David Frederick Emerson – Vice Admiral, United States Navy

David Frederick Emerson

Born 22 September, 1926 in Indiana
Died 8 October 2003

Commissioned Ensign from U.S. Naval Academy 1950
Advanced through Grades to Vice Admiral 1978

Commanding Officer, USS. Redpoll 1955-57
Served with Bureau of Naval Personnel 1957-59
Executive Officer, USS. Barry 1959-61
Student, Naval War College 1963-64

Staff of Commander, Cruiser-Destroyer Flotilla 12, 1964-65 Commanding Officer, USS. Semmes 1965-67 Served with Office of the Defense Secretary 1967-69 Served with US. Naval Forces Viet-Nam 1969-70 Commander, Destroyer Division 62, 1970-71 Commander, Destroyer Squadron 6, 1971-72 Served with Office of the Chief of Naval Operations 1972-74 Commander, South Atlantic Force, Atlantic Fleet 1974-75 Deputy Commander, Naval Surface Force, Atlantic Fleet 1975-77 Commander, Operational Test & Evaluation Force 1978-80 Ret. 1980


David F. Emerson

With the death of Vice Admiral David F. Emerson, the Charleston community lost a very special citizen and an unsung hero.

After a distinguished Navy career, Admiral Emerson retired to Charleston. I had the great privilege of working with him in the In Defense of Charleston effort to respond to the 1993 base closing challenge. Admiral Emerson's help was invaluable in our community, withstanding the 1993 BRAC closing as well as we did.

In 1995, Admiral Emerson had followed very closely the matter of the Navy's nuclear power training school, which was then in Orlando, Florida, and was slated to move to New London, Connecticut. Admiral Emerson was a great help as we sought to have the nuclear power training school come to Charleston at the Naval Weapons Station.

The skid seemed to be greased in favor of the school moving to New London, and it was therefore a great coup for the Charleston community to have the school move here. The nuclear power training school has proven to be a wonderful asset for our community, as we knew it would be, located at the Naval Weapons Station, the most perfect place for the United States Navy. All of the Navy's personnel who serve on nuclear powered ships now come to Charleston for this school, which is in essence a college campus.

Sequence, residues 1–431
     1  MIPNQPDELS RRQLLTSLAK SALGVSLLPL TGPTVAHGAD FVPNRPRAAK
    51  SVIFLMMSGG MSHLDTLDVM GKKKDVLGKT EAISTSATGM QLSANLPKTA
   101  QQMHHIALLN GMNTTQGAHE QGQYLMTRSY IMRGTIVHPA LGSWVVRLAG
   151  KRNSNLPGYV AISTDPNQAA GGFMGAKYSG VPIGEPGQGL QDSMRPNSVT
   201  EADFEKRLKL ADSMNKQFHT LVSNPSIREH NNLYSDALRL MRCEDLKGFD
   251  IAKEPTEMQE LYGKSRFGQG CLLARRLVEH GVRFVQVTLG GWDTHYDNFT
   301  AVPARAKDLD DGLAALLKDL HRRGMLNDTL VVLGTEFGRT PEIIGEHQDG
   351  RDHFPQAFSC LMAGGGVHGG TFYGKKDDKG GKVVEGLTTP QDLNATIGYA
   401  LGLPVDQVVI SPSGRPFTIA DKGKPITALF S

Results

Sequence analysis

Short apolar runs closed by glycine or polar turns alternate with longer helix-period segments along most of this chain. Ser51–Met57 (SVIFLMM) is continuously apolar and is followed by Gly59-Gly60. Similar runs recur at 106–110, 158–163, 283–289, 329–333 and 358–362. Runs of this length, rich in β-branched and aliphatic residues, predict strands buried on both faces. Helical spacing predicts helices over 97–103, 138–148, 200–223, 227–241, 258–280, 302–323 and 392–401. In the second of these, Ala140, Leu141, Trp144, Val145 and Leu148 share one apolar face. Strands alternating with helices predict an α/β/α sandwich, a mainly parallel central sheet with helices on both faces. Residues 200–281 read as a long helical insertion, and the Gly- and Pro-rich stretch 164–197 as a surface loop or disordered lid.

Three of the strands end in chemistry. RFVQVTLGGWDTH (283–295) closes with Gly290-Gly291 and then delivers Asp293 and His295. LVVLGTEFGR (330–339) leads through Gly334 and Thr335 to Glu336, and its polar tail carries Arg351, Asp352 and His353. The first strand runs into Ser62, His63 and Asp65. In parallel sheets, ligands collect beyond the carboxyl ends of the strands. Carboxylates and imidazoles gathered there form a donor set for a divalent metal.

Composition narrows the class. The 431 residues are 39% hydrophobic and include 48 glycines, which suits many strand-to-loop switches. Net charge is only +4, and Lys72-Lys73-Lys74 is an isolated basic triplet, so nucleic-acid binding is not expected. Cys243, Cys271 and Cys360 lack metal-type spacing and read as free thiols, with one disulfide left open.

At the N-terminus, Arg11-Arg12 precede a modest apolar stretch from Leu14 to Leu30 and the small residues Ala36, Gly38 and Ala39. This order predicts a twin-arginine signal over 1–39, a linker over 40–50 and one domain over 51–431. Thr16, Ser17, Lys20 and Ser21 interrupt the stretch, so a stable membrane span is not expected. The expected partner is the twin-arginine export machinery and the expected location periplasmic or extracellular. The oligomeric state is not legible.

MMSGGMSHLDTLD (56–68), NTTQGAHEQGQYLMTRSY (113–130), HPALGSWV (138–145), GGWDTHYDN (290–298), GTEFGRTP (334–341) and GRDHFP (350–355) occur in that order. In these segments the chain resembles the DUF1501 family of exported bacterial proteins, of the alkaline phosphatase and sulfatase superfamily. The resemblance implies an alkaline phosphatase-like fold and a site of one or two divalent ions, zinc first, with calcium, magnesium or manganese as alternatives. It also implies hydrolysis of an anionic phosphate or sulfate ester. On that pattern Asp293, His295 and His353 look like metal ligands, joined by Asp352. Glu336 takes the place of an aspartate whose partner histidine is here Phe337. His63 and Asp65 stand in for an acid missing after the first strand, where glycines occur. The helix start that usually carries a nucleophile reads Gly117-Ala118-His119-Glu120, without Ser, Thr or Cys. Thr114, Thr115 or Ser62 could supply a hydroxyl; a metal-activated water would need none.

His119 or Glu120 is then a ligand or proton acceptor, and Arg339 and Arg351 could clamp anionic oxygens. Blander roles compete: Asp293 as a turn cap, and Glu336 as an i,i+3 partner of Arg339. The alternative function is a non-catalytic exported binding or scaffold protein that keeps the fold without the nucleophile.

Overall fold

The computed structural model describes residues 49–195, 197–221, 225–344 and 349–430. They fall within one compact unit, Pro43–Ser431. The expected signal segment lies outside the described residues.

I do not believe we would have been able to secure the nuclear power training school had it not been for Admiral Emerson's work. I walked with him through the halls of the Pentagon and saw the great esteem and admiration in which he was held. He understood how we would best make the case for Charleston.

Admiral Emerson's contributions to this community extend far beyond this excellent school. He was a fine and devoted citizen, a person of great intellect and good humor. He enriched the lives of everyone who knew him and made Charleston a better place.



Died October 8, 2003. He was born on Monday, September 22, 1926, in Angola, Indiana, a son of Kenton C. and Lucille Godfrey Emerson. He graduated from the U.S. Naval Academy with Star distinction in 1950 and retired after 36 years of faithful service to his country.

He then worked in Washington, D.C. for Ketron and with Kapros Associates as a consultant to the Defense Department.

Vice Admiral Emerson is survived by his wife of 49 years, Constance C. Emerson of Charleston, South Carolina; three daughters, Anne Hall, artist of Atlanta, Betsy Sass, registered nurse of Charleston and Commander Ellen Emerson, USN of Virginia; four beloved grandchildren, a son-in-law, and a brother, Andrew C. Emerson of Indianapolis, Indiana.

Funeral services will Full Military Honors will be held 1 p.m., Monday, December 22, 2003 at the Old Post Chapel, Fort Myer, Arlington National Cemetery.


Read our general and most popular articles

Leave a Comment